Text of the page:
The ever so beautiful country of Iceland grabbed my attention ever since I was in 6th grade Geography class.
I remember my first encounter with it vividly for two reasons:
- It was too far up in the map for me to even consider the slight possibility that my then geography teacher Monsiour Dupuy would put it in our exam paper (and let me tell you, what a surprise when he did).
- I spent hours utterly discombobulated and pondering over how one would want to live in what sounded like a cold, dark, mystically uninhabited full of fairies and elves, glacier-ridden land.
Little did I know then, that that perplexed 12-year old me would eventually call Iceland her home and grow up to be a globetrotter by heart and soul, that is, the person I am today.
Fast-forward 13 years and here I am, sitting on my black little wooden desk overlooking Laugavegur, Reykjavik’s main street, scrupulously ornamented with Christmas lights, smells and sights.
A few days ago, whilst I was on my way back from work, I realized that there was a coffee shop right under my apartment building, Now how could I have possibly missed that after living here for over 2 years. I looked around and to my surprise; they had also put up all the Christmas decorations down the whole street, the street that I walk on every single day. This occurrence led me to think on how many things I’m actually missing out on without even realizing it: We’re so encompassed in our daily lifestyle and routine. Always rushing to work, to a meeting; that we never really get the chance to take a breath, slow things down and actually open our eyes to see the beauties that lie ahead.
The following day, I decided to make the most out of the available light (since there is only a few hours of complete daylight during winter months over here) and go on a quick drive for a bit of new scenery and fresh air– something I hadn’t done in what seemed to be an eternity. I grabbed my camera and 50mm /1.8 and 11-16mm /2.8 lens and before I knew it I was already in the car on my way out of Reykjavik.
I set off on route 1, the infamous highway that connects Iceland’s major cities and towns, and headed South in hope to reach some undiscovered new territories. A little under an hour later, I reached one of the F roads (also known as mountain roads) that took me straight to a little orange Red-Cross emergency hut surrounded by astonishingly beautiful volcanic moss and picturesque mountains.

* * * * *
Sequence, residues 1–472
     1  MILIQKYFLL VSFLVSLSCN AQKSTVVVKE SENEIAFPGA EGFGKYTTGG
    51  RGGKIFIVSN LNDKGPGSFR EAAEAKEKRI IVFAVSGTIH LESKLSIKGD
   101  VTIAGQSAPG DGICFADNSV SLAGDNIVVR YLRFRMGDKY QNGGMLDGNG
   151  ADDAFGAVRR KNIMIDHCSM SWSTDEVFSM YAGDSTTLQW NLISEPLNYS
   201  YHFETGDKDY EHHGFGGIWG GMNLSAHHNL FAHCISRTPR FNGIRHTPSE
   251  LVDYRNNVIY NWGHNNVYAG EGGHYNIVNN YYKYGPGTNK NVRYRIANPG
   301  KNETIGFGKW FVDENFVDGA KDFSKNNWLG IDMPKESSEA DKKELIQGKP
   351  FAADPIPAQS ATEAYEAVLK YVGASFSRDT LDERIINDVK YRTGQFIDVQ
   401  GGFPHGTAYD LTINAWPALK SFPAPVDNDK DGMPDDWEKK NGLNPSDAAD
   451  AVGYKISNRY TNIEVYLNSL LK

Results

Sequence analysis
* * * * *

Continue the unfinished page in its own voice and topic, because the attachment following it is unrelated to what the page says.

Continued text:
After some brief short photo stops including what seemed to be an endless field of dead fish drying at natures’ mercy (a delicacy here in Iceland) , it was time to head back since daylight was slowly fading away and I was yet to explore Reykjavik and its’ Christmas festivities.
By 3pm I was already making my way up to Hallgrimskirkja – Reykjavik’s tallest building and iconic church offering a birds eye view over the city and if you get there in time, a sunset like no other!
The next couple of hours were spent sipping on some hot chocolate whilst strolling around and admiring the city’s impressive and one of a kind Christmassy decorated streets, cafes, restaurants and windows. A walk next to Reykjavik’s duck pond was also a necessity, with all the streetlights creating a magical reflection in its waters.
Although there is no snow at the moment of writing this article, Iceland’s unique holiday spirit, warmth and hospitality sure do make up for it!
Donna Tzaneva is a twenty-something year old globetrotter that was born in Bulgaria, grew up in Australia and now resides in Iceland. After finishing her BSc in Equine Studies, a severe horse-back riding injury made her take a step back from that career and take up photography. She hasn’t stopped ever since.
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